Today's question is on where to turn for help when going to jail for a drug charge has left you mentally disturbed.
I spent five months in jail for a minor marijuana bust. I came out pretty fucked up by how depraved it was in the can, and irrelevant. I have trouble sleeping now but can’t go back to smoking (or selling) because of the follow-up drug tests I need to take for my parole officer. I’m thinking I need a whole new direction in life and am open to any suggestions before I turn completely dark, which is creeping up on me with the sleeplessness. Don’t know which way to turn. -- Oren
Stacey Rosenfeld: Trouble with sleep can be debilitating. The good news is, there are options for addressing insomnia that will allow you to continue to pass your drug tests. Getting into a good sleep routine is key - we call that sleep hygiene. That means establishing a nightly pattern of gradually cutting out stimuli as you get closer to sleep. Some behaviors, like eating and exercising, if done too close to bedtime, can, for many, interfere with good sleep. Are you drinking? Many people believe that alcohol helps them to sleep, but in reality, the opposite is true - drinking negatively impacts quality sleep. Near bedtime, you'll also want avoid arousing stimuli, such as television, gaming, reading, or conversations. Instead, opt to dim the lights and read something light or listen to calming music.
If basic sleep hygiene techniques don't help you to sleep better, you may want to consult with a therapist to help you with your insomnia. Cognitive-behavioral therapy has been shown to be effective in the treatment of sleep concerns. Treatment may involve implementing some of the sleep hygiene techniques I discuss above, restructuring some of your thoughts about sleep, cutting out naps, learning relaxation exercises, monitoring your sleep, and scheduling it to make you a more efficient sleeper. In some cases, depending on the severity of your disturbance and your response to treatment, sleep medication might be indicated.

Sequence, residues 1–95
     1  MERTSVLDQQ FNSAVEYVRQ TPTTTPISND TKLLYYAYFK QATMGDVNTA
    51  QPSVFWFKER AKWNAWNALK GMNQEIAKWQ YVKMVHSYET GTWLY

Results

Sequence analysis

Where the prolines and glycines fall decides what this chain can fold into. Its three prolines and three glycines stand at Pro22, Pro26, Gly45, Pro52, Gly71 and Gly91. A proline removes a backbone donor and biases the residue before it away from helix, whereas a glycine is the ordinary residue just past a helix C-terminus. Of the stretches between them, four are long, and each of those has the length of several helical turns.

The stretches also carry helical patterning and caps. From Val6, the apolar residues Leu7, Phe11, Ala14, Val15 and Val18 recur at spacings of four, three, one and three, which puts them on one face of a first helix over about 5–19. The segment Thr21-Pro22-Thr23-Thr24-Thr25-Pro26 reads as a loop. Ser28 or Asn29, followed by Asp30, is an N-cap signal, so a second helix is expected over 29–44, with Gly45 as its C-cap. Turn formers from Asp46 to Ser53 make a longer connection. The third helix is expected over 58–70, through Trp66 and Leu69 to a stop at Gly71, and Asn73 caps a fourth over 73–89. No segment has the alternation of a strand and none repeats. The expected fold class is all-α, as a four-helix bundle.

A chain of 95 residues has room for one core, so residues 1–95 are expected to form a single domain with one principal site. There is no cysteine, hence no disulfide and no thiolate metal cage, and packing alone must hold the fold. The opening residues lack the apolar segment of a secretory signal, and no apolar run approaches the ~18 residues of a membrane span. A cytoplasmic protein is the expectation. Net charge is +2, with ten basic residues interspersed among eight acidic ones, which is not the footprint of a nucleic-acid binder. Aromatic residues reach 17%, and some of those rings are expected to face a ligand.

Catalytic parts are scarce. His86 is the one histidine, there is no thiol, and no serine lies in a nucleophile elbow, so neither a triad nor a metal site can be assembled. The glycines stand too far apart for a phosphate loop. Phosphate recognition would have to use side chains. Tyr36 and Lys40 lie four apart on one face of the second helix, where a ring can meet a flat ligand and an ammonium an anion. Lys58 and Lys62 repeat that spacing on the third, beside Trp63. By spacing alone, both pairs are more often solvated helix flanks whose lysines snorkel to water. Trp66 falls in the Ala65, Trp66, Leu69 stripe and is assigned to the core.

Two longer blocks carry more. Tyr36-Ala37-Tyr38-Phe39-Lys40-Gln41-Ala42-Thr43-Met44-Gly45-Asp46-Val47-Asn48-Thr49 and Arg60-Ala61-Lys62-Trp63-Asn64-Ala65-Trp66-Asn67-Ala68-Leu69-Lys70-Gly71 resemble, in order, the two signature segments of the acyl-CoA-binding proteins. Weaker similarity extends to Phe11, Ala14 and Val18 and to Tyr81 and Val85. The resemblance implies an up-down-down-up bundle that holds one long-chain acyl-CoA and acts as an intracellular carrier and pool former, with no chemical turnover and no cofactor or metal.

You and your psychiatrist could discuss nonaddictive medications that won't put you at risk for any parole violations.
Stacey Rosenfeld, PhD, is a clinical psychologist who treats patients with eating disorders, anxiety/depression, substance use issues, and relationship difficulties. A certified group psychotherapist, she has worked at Columbia University Medical Center in NYC and at UCLA in Los Angeles and is a member of three eating disorder associations. The author of the highly- praised Does Every Woman Have an Eating Disorder? Challenging Our Nation's Fixation with Food and Weight, she is often interviewed by media outlets as an expert in the field.www.staceyrosenfeld.com Full Bio.